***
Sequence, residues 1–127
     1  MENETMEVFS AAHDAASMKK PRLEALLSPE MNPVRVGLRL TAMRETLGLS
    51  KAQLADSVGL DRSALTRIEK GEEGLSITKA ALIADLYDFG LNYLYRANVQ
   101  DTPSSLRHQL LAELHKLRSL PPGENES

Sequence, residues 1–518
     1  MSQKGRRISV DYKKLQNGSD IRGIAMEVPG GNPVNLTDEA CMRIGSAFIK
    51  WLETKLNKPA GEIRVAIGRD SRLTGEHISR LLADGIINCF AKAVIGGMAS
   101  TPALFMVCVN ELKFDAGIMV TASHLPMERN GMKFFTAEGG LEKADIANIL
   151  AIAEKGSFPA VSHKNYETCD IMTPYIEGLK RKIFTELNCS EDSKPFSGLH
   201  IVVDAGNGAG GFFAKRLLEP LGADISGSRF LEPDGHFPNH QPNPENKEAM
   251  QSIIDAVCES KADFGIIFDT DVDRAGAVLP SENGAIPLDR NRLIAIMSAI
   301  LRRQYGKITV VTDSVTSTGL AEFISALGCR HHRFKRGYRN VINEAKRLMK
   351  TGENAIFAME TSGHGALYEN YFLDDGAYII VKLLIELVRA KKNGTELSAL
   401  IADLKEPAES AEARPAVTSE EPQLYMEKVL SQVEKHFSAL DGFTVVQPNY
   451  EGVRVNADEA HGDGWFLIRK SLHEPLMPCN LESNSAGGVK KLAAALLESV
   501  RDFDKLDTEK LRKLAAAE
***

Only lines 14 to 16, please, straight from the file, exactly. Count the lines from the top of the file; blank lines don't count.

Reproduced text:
   401  IADLKEPAES AEARPAVTSE EPQLYMEKVL SQVEKHFSAL DGFTVVQPNY
   451  EGVRVNADEA HGDGWFLIRK SLHEPLMPCN LESNSAGGVK KLAAALLESV
   501  RDFDKLDTEK LRKLAAAE